“They are not confronting the real issue,” Huynh said. “Look at the reason behind the situation. If it’s living outside your means, balance transfers can give a false sense of progress on paying off debt. If you cannot control your spending, you might run up bills on both the old and the new card.”

Another mistake people make is not paying off the debt they’ve transferred before the 0% offer ends, said Cara Ivy,  personal finance coach and owner of Harper Woods, Michigan-based The Ivy League. When the 0% offer ends, these people are left with their new card’s regular APR, which can be 20% or higher.

Others can’t resist the temptation and make new charges on the 0% card before paying off the debt they’ve transferred, Ivy said.

“Stop thinking of credit cards as a source of income,” Ivy said. “Most times we find ourselves with maxed-out credit cards, it’s because we treat our cards like cash instead of debt. It’s easy to swipe today, but that expense could cost you for months, sometimes years.”

Top U.S. Bank balance transfer offers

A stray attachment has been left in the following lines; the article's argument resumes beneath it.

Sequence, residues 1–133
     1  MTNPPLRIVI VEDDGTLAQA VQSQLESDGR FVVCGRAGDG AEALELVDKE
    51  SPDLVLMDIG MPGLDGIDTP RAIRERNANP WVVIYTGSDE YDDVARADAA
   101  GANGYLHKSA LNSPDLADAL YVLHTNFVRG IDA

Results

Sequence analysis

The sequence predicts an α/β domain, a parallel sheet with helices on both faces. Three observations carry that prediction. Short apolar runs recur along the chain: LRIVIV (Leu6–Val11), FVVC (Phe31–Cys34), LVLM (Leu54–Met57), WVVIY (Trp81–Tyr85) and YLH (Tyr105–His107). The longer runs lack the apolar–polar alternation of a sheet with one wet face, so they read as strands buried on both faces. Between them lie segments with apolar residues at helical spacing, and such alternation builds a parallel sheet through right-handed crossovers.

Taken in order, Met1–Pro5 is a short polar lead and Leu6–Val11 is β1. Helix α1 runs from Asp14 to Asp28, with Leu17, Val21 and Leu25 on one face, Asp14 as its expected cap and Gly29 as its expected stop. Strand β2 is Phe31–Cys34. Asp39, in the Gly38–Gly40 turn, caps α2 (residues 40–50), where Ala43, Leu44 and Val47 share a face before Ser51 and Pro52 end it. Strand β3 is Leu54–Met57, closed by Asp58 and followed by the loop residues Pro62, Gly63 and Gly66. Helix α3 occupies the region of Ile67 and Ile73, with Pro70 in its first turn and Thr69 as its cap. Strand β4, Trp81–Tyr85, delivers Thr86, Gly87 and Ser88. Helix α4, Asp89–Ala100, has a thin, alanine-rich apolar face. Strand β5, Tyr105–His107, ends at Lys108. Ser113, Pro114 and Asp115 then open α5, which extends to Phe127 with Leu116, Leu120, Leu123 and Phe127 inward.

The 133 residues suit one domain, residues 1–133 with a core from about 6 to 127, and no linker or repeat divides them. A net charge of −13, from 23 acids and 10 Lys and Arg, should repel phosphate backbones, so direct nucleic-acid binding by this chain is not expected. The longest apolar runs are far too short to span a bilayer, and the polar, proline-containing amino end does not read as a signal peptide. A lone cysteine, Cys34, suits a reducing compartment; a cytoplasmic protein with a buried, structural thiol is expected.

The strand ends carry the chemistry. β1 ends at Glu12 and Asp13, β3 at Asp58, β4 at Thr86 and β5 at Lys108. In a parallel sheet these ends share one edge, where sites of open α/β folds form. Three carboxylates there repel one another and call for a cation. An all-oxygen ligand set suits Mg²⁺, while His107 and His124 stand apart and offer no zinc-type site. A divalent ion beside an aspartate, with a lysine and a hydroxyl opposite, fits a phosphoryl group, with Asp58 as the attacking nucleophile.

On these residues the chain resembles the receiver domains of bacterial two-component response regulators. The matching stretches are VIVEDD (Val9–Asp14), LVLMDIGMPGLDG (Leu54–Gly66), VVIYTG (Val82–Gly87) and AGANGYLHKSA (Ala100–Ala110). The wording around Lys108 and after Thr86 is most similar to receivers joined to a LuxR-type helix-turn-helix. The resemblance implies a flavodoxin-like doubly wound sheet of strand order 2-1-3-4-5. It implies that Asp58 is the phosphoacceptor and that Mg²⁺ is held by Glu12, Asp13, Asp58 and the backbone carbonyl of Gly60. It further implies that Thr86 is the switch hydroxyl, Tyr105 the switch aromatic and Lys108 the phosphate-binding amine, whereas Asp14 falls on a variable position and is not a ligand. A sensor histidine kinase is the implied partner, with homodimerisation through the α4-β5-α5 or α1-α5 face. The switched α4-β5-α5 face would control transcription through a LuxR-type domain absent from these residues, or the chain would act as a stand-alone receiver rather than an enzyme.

Ready to transfer high-interest-rate credit card debt to a U.S. Bank credit card? You’re fortunate: U.S. Bank is currently offering three 0% balance transfer cards.

U.S. Bank Altitude Go Visa Signature card

  • Balance transfer fee: 3% of the amount transferred or $5, whichever is greater.
  • 0% promotional period: 12 billing cycles.
  • Regular APR: Variable 14.99% to 23.99%, depending on your credit. See our review of the U.S. Bank Altitude Go Visa Signature card for more details.
  • Worth noting: This card offers 4 rewards points for every dollar you charge on takeout, food delivery and dining and 2 points for grocery store purchases, grocery deliveries, streaming services and gas station purchases. The card also comes with a $15 credit for streaming services.

U.S. Bank Cash+ Visa Signature

  • Balance transfer fee: 3% of your transfer amount or $5, whichever is greater.
  • 0% promotional period: 12 billing cycles.
  • Regular APR: 13.99% to 23.99%. See our review of the U.S. Bank Cash+ Visa Signature card for more information.